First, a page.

By: Dr. Robert Rowen | I’m always looking for natural substances that throw a “monkey wrench” into the peculiar metabolism of cancer cells. It’s vital these substances kill cancer cells and leave normal cells untouched.
Yet another weed that most of us pull and throw away has been uncovered as a super healing wonder herb. A recent study has found nettle to potently kill breast cancer cells.
If you have nettles in the backyard we strongly recommend that you collect and use them as part of your daily diet. Not only are the roots and the young leafy tops of stinging nettle edible, they are also very good for you. You can cook them and eat as food, use as an extract or herbal tea. Stinging nettle (Urtica dioica) can supply your body with lots of beneficial nutrients. Continue reading Here’s another “weed” that is actually a superfood→
By: Emily Ho | A medley of citrus stars in this vibrant fruit salad, enhanced with just a drizzle of sweet ginger honey and a sprinkle of mint and lime. It never fails to impress at brunch gatherings and makes a lovely, light dessert (perfect after the indulgence of the holidays). The combination of citrus in the recipe is simply a suggestion; feel free to use what’s available at your farmers’ market or growing in your neighborhood. Continue reading Citrus Salad with Ginger Honey→
Karen shows how the melted unctuousness of hot goat’s cheese paired crisp, cool and perfectly dressed salad leaves makes for a divine combination.
It may seem like a cliché, but a hot goat’s cheese salad is still a favourite with me. I particularly like the combination of hot and cold – the melted unctuousness of the cheese with crisp, cool salad leaves makes for a divine combination, and a nice bit of “chèvre” is always welcome on my table, whether it be in salads, with bread and/or crackers or with fresh fruit and nuts. Continue reading Hot Goat’s Cheese Salad with a Honey Mustard Dressing→
By: Emily Ho | A Reblog from: kcet.org | The other day I came home from a citrus grove with an overwhelming 25 pounds of fresh-picked grapefruit, and I’ve pretty much been eating and drinking grapefruit for every meal since. I recalled that citrus juice can boost the antioxidant benefits of green tea and squeezed some grapefruit into a glass of iced sencha — a fun change from the usual lemon wedge. Following some more experimentation I came up with this drink combining green tea, grapefruit, lemongrass, and mint. It’s clean and refreshing and just right for these warm days of the new year. Continue reading Iced Green Tea with Grapefruit and Lemongrass→
By: Sherry Sorono| We call it “Ampalaya”. In the Visayas Region of the Philippines, they call it “Amargoso” because of its bitterness. In Southeast Asia like in India, Pakistan and Banladesh; they call it “Bittergourd” or “Bittermellon”. Photo credit: Tastebuds Unlimited by Beth Celis
Ugly they are! and bitter too. But it is that bitterness that health expert s claim rids the body of its toxicity. We have gotten around that bitterness issue by concocting so many recipes, versions and twists in dealing with it.
Chopped in thin slices, its innards are scraped away by a spoon and then the slices are sprinkled with a little salt and after they are mixed in a mixing bowl, they are squeezed to take a little f that bitterness out. Continue reading Sauteed Bittermelon with Egg→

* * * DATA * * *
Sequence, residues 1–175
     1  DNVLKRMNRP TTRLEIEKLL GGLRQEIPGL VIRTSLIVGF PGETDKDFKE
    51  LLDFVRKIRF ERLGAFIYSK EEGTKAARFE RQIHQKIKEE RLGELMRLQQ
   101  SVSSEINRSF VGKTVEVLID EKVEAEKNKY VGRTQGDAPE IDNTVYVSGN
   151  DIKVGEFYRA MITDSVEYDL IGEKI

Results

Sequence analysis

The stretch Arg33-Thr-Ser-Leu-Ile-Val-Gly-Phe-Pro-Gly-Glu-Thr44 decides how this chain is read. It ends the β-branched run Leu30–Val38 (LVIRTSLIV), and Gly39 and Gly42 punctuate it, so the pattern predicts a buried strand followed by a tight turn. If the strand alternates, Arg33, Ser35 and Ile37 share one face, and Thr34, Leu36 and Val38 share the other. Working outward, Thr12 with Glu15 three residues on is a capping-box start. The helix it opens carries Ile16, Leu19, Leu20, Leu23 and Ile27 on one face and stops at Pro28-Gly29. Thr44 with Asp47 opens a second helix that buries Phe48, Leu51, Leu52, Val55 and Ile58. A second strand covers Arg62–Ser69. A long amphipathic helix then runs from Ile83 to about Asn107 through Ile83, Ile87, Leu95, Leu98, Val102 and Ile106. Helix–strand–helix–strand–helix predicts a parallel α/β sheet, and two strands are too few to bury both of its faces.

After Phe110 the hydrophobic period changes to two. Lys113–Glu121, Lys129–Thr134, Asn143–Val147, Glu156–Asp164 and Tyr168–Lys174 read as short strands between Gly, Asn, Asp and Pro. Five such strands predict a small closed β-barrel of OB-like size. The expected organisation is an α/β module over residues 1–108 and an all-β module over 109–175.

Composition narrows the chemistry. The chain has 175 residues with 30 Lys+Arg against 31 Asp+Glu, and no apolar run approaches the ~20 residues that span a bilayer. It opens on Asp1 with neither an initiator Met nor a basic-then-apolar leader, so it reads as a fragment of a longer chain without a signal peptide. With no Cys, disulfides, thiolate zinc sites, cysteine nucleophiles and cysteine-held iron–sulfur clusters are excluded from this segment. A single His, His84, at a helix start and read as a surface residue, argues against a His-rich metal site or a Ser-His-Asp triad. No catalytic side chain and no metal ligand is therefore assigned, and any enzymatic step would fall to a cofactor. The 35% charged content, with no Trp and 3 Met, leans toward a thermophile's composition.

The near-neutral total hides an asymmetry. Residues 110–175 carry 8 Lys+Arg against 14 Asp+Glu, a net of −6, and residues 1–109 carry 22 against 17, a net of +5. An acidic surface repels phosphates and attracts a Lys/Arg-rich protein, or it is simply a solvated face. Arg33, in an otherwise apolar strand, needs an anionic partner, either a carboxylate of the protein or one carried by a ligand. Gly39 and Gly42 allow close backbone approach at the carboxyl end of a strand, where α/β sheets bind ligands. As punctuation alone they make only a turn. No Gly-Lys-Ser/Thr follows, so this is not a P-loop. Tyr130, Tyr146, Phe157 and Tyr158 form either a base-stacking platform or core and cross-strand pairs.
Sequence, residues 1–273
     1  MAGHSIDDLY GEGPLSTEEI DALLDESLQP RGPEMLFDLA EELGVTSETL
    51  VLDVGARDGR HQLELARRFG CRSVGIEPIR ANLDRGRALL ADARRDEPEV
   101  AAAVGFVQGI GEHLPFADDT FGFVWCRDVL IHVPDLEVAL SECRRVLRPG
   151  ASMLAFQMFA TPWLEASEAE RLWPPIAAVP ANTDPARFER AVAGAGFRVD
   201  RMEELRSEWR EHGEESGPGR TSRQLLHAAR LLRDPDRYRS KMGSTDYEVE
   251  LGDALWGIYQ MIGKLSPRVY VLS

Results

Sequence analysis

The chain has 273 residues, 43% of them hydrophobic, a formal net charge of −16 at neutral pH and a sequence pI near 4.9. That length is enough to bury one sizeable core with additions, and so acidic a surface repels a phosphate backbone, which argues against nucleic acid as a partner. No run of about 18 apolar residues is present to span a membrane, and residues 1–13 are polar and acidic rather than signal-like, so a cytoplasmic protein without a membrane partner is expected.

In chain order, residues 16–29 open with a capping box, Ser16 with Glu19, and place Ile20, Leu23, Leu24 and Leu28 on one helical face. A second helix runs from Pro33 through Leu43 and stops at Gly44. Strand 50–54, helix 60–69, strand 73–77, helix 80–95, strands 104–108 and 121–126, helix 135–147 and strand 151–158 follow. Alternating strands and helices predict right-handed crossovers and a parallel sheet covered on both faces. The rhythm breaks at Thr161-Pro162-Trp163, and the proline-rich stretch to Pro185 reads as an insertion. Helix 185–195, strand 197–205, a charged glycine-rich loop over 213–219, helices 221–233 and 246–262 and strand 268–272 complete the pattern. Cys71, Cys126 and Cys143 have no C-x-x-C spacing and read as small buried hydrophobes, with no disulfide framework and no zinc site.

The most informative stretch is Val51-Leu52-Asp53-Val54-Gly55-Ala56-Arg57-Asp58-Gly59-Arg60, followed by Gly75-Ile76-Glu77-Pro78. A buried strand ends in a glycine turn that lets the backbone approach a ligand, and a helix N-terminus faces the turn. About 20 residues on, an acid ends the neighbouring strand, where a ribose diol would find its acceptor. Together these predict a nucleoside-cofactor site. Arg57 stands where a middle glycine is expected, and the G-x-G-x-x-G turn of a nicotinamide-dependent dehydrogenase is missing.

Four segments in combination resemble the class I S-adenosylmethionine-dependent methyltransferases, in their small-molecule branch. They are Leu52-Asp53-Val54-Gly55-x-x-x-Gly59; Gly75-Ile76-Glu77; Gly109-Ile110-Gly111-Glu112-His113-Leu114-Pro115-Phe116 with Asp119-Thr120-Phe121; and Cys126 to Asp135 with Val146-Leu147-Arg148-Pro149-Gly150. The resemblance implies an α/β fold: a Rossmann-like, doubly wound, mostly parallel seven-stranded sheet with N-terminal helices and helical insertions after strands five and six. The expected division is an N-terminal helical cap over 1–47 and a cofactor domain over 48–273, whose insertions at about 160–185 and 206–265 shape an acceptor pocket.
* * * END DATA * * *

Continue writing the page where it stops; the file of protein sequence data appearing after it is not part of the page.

I bet most of us know Popeye and his very famous energy booster, the mighty spinach. When we were kids, we probably thought that it can only be found on cartoons, but wait, did you know that we have our very own type of Spinach growing here in the Philippines?
This tropical plant is the Water Spinach, with a scientific name of Ipomea Aquatica, or more commonly known here in our country as our very own “Kangkong”. You wouldn’t have any difficulties in finding this vegetable as this is popular among Filipinos, offered at a very cheap price at $0.25 per bundle (that’s about Philippine Peso: 10) over at the market or grocery supermarkets. Continue reading Health Benefits of Water Spinach→
Access to fresh, locally grown foods, for starters. That may be one of the best reasons, but there are many more. Farmers markets have fruits and vegetables at the peak of the growing season. This means produce is at its freshest and tastes the best. The food is typically grown near where you live, not thousands of miles away or another country. Shopping at farmers markets also supports your local farmers and keeps the money you spend on food closer to your neighborhood. Continue reading Top Reasons to Shop at a Farmers’ Market→
A Reblog from: TheHealthyHomeEconomist | By Sarah | Thanks to Manang Kusinera for the link!
My last videoblog titled Healthy Chinese drew some comments from folks questioning my choice of rice. Why was I using white basmati rice instead of brown? Isn’t brown rice the healthier choice, after all?
Ok, I’ll spill the beans, rice. Here are my reasons …
By Chit U. Juan |On a recent trip to Legaspi City in the southeastern tip of the main island of Luzon in the Philippines, I was to attend a dinner with academics who were guests and speakers at the 3rd International Colloquium of the Bicol University Graduate School. As soon as we reached the mall, the rain poured and there was no way I could even alight from the car to join my party. Instead, we made a quick decision to join the dinner of Father Jovic and my colleagues at the Social Enterprise Development Center where I sit in the Board as an Independent Director.